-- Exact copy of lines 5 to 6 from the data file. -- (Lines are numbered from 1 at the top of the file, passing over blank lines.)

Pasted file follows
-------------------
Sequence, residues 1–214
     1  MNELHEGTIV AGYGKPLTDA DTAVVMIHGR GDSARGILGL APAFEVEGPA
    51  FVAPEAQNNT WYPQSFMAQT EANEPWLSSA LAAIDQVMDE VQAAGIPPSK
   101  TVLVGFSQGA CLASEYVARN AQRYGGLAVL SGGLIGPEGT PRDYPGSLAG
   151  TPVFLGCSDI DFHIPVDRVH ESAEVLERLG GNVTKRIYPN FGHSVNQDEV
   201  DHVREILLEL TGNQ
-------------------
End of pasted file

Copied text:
   151  TPVFLGCSDI DFHIPVDRVH ESAEVLERLG GNVTKRIYPN FGHSVNQDEV
   201  DHVREILLEL TGNQ